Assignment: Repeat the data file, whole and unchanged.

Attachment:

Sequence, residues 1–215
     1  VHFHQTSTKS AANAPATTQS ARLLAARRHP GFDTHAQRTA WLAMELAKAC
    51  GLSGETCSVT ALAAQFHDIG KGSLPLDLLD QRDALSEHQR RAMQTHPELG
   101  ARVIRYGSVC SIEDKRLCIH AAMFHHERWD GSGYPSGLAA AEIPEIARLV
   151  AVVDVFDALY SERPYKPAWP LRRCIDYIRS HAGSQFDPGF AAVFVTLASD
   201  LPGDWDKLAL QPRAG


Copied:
Sequence, residues 1–215
     1  VHFHQTSTKS AANAPATTQS ARLLAARRHP GFDTHAQRTA WLAMELAKAC
    51  GLSGETCSVT ALAAQFHDIG KGSLPLDLLD QRDALSEHQR RAMQTHPELG
   101  ARVIRYGSVC SIEDKRLCIH AAMFHHERWD GSGYPSGLAA AEIPEIARLV
   151  AVVDVFDALY SERPYKPAWP LRRCIDYIRS HAGSQFDPGF AAVFVTLASD
   201  LPGDWDKLAL QPRAG